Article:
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Maryland facing traffic dilemma at Legion bridge

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Photo - Officials in Montgomery and Fairfax counties are considering a rapid bus network that would go across the American Legion Memorial Bridge. (Examiner file photo)
Officials in Montgomery and Fairfax counties are considering a rapid bus network that would go across the American Legion Memorial Bridge. (Examiner file photo)
Local,Maryland,Transportation,Liz Essley

The new Beltway express lanes that Virginia plans to open this year may cause more bottleneck congestion at the American Legion Bridge, but Maryland officials said they won't know how to deal with the problem until a new traffic study is complete, possibly after the lanes open.

Maryland, however, actually conducted a traffic study of the express lanes and bridge bottleneck in 2009. That report offered a variety of recommendations for how to deal with the problems that are likely to arise once 12 lanes of traffic are forced to merge into 10 lanes over the bridge.

Still, officials insist a new study is needed. The Maryland State Highway Administration is using new technology to count cars and won't be done examining data until the end of the year, agency officials said.

"We're taking proactive steps here to have this study done for some shorter-term improvements," said agency spokesman Charlie Gischlar.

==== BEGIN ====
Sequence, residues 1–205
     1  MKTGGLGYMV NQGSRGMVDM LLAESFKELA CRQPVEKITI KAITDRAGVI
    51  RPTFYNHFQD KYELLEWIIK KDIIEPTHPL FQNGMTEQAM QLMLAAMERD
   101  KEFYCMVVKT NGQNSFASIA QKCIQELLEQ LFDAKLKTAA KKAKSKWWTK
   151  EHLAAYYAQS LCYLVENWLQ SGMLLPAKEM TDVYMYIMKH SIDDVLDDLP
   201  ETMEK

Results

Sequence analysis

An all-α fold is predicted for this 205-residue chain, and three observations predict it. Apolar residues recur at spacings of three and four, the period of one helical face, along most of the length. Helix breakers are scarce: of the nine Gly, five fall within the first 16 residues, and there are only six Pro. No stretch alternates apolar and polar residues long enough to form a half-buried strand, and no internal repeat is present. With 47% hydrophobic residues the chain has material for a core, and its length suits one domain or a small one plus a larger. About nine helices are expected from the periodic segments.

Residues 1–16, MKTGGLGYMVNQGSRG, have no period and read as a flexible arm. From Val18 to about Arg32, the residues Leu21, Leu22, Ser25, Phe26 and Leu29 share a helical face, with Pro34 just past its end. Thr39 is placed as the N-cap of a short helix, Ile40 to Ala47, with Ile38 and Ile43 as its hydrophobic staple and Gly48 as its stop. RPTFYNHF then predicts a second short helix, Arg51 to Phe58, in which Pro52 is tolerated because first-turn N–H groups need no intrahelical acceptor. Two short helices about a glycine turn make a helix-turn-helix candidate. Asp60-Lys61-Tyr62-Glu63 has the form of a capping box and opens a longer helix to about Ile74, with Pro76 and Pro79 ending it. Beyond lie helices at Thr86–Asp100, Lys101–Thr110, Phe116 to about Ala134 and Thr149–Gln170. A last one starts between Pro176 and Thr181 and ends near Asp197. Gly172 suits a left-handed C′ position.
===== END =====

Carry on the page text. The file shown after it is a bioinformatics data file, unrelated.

The state is considering lengthening exit lanes on the Maryland side of the Beltway to move traffic more rapidly. But even once the state agrees on what needs to be done, Gischlar said, it would have to line up funding, and it's unclear how long that could take.

"Right now, it's kind of hard to say when or if [the recommendations will get funding]," Gischlar said. "We're trying to get our ducks in a row here."

Hari Sripathi, Virginia Department of Transportation's regional operations director, and other officials said the express lanes won't cause an immediate problem. But given how long it takes to plan, finance and build road improvements, Maryland is under pressure to act.

It will likely be three to four years before traffic at the bridge becomes unbearable, but that doesn't mean state officials can delay, said Ron Kirby, who directs transportation efforts for the Metropolitan Washington Council of Governments.

"If they don't have a viable solution and how to fund it, we could be looking at 10 years and no progress," said Kirby.

"There is an urgency here to address the issue."

lessley@washingtonexaminer.com

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